Choosing a good wine
Babylangues’ Tips For Choosing A Good French Wine
The world of French wine can be very confusing, so here are our simple guidelines to help you pick out a good bottle of wine from the shelf. French supermarkets, cavistes (wine merchants) and épiceries (corner shops) are always stocked with endless bottles – most of them French – and the simple act of choosing a nice bottle can often be very overwhelming!
1) Choose a wine that was bottled where the wine was made. This means that the grapes were grown and the wine was made under the winery’s control. Look for the words mis en bouteille au château or mis en bouteille à la propriété.
2) Choose a wine that comes from a particular region renowned for its grapes. Wines that are from these regions have the words Appellation d’Origine Contrôlée or Appellation d’Origine Protégée or their abbreviations AOP or AOC on the label. These appellations usually imply that the wine will be of good quality.
3) The bottle capsule (the metal part around the top of the bottle) will tell you lots about a bottle of wine:
- If it is green – this means that it is one of the aforementioned wines AOC or AOP labelled wine, and is an indication of good quality wine.
- If it is blue it means that it is a vin de pays or a vin de table – usually associated with being a cheaper and more everyday wine.
- If the capsule is red, this means that it is neither AOC, AOP nor a vin de pays or a vin de table, so it is just wine. This wine will not have been produced in a specific way or be from a specific region.
On Each Of The Bottle Capsules There Is Also A Letter
- The ‘R’ signifies récoltant, which means that the wine was bottled by the same person that owns the grapes and produced the wine.
- The ‘N’ stands for Négociant or non-récoltant, meaning that the vineyard does not belong to the person who bottled or made this wine.
- The ‘E’ is for entrepositaire agréé, which means that the wine is marketed and commercialised by someone who has little connection with the grape-growing process at the vineyard, and has often bought the grapes in bulk.
If you choose a bottle with a green metal capsule marked with the letter ‘R’, you are more likely to find a good French wine. This does not mean, however, that all other wines will be horrible, many other wines (especially table wines (vin de table)) are very good – it all depends on what you enjoy!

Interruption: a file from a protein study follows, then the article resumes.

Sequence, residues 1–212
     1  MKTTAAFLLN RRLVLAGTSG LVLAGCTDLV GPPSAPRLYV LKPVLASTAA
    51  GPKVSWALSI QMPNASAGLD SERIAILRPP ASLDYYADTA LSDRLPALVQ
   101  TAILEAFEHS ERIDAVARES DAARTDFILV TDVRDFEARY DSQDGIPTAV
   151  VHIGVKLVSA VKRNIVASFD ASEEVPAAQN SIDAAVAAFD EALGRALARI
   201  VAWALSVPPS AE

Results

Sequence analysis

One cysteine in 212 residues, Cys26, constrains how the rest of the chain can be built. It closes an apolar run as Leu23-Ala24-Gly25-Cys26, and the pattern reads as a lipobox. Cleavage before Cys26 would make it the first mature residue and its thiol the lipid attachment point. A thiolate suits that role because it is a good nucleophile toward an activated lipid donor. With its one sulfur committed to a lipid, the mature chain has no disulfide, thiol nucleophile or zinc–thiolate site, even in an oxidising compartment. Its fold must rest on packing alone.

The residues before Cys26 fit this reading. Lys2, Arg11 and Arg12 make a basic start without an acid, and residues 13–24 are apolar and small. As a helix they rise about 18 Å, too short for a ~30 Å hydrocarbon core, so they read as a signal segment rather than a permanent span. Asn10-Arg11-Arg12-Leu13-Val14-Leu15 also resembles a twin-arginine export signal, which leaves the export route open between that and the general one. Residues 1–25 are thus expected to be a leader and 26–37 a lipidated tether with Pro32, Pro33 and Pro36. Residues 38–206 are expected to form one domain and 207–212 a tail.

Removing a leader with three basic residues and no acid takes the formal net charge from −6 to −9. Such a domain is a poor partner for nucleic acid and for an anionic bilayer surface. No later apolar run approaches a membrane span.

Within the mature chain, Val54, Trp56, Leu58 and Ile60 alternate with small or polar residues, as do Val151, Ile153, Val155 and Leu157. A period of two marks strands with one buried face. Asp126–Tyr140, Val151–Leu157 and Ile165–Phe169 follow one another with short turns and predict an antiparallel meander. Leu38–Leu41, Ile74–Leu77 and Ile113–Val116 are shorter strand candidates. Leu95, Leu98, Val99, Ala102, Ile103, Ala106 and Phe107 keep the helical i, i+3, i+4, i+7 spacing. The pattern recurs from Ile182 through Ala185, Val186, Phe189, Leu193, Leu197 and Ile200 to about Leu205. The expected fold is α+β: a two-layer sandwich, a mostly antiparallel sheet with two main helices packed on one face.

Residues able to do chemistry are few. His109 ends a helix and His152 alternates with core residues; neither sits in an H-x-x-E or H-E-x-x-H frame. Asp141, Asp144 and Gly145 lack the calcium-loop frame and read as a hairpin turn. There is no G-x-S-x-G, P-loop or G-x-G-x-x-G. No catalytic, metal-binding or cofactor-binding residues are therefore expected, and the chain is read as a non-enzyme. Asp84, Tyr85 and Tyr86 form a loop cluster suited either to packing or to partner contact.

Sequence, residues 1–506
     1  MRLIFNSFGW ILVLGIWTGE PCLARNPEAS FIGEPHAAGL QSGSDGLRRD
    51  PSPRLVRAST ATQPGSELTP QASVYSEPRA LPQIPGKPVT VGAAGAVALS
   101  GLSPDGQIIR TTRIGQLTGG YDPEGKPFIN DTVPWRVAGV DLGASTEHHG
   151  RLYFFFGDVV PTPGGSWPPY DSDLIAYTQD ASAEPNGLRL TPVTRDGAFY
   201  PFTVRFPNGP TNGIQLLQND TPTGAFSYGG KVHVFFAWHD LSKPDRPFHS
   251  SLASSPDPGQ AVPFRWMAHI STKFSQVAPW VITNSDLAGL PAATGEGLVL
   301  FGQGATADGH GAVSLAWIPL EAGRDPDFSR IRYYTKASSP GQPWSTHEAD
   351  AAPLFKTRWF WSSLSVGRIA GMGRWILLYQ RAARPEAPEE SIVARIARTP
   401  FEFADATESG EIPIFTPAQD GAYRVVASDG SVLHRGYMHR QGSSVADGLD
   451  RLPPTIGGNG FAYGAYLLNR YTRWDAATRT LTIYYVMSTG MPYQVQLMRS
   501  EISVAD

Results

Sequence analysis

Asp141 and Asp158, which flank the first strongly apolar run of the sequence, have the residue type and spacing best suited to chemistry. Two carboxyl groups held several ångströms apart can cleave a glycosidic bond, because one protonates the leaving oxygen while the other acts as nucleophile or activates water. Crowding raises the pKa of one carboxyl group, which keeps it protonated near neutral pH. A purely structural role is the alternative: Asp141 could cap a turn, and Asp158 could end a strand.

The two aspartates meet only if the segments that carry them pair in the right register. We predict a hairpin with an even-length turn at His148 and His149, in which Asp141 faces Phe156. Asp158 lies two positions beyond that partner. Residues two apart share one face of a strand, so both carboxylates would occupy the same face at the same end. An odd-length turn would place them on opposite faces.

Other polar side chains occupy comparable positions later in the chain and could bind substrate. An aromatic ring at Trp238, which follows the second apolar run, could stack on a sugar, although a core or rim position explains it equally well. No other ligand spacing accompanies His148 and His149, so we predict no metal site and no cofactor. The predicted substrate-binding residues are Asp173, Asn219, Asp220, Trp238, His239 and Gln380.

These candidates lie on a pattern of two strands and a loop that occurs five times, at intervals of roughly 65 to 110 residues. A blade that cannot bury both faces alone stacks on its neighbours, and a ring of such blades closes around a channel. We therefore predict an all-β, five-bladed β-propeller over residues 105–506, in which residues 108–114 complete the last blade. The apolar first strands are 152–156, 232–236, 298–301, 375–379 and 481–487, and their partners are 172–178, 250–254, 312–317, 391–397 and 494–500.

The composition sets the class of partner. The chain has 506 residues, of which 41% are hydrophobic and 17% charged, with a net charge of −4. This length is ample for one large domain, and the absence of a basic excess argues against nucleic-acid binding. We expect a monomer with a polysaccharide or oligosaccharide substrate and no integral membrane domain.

4) In France you can find good bottles of wine for a very low price, so you should not assume that the more expensive bottles will be better! In supermarkets aim for bottles in between 5€ and 8€.
5) Choose a wine depending on the occasion. If you are going to a party where the wine will be shared with friends, it is usually recommended to choose a white or a rosé wine as more people will drink them. If the wine is to accompany a meal, the usual recommendation is to pick a wine with an equal weight to the food. For example, if you are going to have a have a heavy meal, you should have a heavier, richer wine. Lighter, more delicate meals need a light wine. As a general rule, white wines go well with seafood, light salads and chicken, whereas red meats and stronger flavours go well with red wines.
6) Take a trip to a caviste (in Paris Nicolas is a popular wine chain) and see if they have any wines available for you to try.
7) Remember which wines you like (and which wines you do not!). Make a note on your phone, take a picture or write it down somewhere.
Key in your search for France’s best bottles of wine is to remember that everyone has different tastes, and especially when it comes to wine! You will come across bottles you enjoy more than others, so try not to be too disappointed if you encounter a wine that is not to your taste!